DNA aneuploidy and tissue architecture in oral potentially malignant disorders with epithelial dysplasia assessed by a 10 locus FISH panel
- Zuraiza Mohamad Zaini
- Michael Neat
- Angela Stokes
- Mahvash Tavassoli
- Edward W. Odell
Affiliations: Head and Neck Pathology, King's College London, Guy's Hospital, London SE1 9RT, UK, Cancer Genetics, ViaPath LLC, Guy's Hospital, London SE1 9RT, UK, Molecular Oncology, King's College London, Guy's Campus, London SE1 1UL, UK
- Published online on: January 13, 2020 https://doi.org/10.3892/or.2020.7461
Copyright: © Zaini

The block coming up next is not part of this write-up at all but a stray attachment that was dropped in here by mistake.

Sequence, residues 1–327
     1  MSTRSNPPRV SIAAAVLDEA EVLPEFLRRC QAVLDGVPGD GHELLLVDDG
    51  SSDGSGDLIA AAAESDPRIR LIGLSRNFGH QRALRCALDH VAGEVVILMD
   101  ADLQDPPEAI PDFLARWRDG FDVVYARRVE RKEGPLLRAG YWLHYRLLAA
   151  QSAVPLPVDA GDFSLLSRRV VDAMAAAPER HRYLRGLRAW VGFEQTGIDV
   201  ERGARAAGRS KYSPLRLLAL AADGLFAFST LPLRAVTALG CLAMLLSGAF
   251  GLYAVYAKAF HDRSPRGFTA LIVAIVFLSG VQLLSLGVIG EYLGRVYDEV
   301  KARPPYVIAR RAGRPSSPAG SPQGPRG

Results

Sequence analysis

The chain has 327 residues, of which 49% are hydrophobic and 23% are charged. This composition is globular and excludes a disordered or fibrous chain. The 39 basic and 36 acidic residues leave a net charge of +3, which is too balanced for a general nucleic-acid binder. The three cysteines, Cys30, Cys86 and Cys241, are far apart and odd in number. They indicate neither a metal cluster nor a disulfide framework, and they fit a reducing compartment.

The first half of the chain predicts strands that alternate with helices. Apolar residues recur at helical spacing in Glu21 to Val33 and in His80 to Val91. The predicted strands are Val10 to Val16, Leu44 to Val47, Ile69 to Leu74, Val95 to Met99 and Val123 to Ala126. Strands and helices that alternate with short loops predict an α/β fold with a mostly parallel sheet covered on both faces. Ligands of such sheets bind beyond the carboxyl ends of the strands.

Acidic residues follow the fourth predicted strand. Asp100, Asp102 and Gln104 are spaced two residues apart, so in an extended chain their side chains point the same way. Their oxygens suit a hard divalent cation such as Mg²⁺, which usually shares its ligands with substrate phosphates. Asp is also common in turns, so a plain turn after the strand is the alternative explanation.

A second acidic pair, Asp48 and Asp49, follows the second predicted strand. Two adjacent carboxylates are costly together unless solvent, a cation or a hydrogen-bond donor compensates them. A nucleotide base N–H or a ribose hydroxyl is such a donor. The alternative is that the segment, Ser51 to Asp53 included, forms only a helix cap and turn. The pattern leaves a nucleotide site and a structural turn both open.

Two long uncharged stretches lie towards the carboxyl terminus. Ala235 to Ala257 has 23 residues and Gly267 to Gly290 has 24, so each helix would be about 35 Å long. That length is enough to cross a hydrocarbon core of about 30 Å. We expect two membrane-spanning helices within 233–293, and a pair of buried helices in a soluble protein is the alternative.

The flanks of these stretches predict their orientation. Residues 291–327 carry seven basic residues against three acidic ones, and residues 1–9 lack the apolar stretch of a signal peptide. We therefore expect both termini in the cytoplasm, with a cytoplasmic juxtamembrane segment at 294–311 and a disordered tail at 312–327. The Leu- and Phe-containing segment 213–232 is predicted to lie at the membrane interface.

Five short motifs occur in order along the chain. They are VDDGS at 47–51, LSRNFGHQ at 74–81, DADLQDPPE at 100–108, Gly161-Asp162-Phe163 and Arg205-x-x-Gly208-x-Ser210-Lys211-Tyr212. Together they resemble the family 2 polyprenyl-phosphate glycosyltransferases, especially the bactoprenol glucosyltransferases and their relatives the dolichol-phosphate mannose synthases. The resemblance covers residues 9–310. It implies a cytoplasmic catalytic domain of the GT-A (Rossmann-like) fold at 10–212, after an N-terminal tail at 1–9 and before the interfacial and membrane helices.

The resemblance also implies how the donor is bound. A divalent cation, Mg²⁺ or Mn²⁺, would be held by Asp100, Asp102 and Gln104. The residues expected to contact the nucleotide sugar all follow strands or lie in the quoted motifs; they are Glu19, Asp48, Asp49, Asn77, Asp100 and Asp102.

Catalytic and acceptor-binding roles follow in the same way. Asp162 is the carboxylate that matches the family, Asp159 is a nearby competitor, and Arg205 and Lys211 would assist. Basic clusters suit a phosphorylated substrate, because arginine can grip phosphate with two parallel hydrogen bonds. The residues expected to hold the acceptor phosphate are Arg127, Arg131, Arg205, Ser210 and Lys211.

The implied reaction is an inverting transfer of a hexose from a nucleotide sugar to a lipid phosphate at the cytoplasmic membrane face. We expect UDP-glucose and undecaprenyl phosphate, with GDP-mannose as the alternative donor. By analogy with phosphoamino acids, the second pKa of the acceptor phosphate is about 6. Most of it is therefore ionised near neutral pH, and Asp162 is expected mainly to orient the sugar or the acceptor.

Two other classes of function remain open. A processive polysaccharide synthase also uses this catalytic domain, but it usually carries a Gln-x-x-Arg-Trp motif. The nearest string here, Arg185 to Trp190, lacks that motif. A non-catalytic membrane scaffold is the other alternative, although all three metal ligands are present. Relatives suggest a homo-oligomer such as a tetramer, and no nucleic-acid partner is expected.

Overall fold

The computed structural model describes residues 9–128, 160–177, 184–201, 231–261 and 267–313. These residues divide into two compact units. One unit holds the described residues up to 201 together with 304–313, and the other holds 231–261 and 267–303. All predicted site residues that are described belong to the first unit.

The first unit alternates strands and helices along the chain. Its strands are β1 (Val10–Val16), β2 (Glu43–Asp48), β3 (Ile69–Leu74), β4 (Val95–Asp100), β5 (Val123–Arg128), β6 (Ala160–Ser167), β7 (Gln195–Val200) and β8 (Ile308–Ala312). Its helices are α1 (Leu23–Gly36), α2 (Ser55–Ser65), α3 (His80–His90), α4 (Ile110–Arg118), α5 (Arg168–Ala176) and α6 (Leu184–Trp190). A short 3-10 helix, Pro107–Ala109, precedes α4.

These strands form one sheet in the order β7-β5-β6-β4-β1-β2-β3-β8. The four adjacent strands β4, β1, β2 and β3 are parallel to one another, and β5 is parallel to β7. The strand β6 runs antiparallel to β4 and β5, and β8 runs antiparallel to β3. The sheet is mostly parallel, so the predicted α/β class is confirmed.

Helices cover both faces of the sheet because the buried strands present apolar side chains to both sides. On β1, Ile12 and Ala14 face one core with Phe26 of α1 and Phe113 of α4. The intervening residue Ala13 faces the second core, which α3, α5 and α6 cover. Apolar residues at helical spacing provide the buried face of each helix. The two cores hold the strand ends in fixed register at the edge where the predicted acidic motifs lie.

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Subjectivity in oral dysplasia grading has prompted evaluation of molecular‑based tests to predict malignant transformation. Aneuploidy detected by DNA image‑based cytometry (ICM) is currently the best predictor but fails to detect certain high risk lesions. A novel multiplex fluorescence in situ hybridization (FISH) panel was used to explore possible explanations by detecting aneuploidy at the single cell level. FISH was compared to reference standard DNA ICM in 19 oral lesions with epithelial dysplasia and used to characterize the cellular architecture. Copy number variation at 3q28, 7p11.2, 8q24.3, 11q13.3 and 20q13.12 and matched chromosome specific loci were assessed by dual‑color FISH to assess numerical and spatial patterns of copy number increase and gene amplification. FISH revealed wide variation in copy number at different loci. Only low level copy number gain was present and often in only a small proportion of cells, although usually with all or all but one locus (9/12). Four cases showed gene amplification, one at two loci. Some probes revealed an internal presumed clonal structure within lesions not apparent in routine histological examination. Both methods produced similar diagnostic results with concordance in detection of aneuploidy by both methods in 17 out of 19 samples (89%). We have shown that oral dysplastic lesions may contain very few aneuploid cells at a cellular level, high copy number gain is rare and changes appear to arise from large chromosomal fragment duplications. Single stem lines are relatively homogeneous for loci with copy number gain but there is a subclonal structure revealed by gene amplification in some lesions.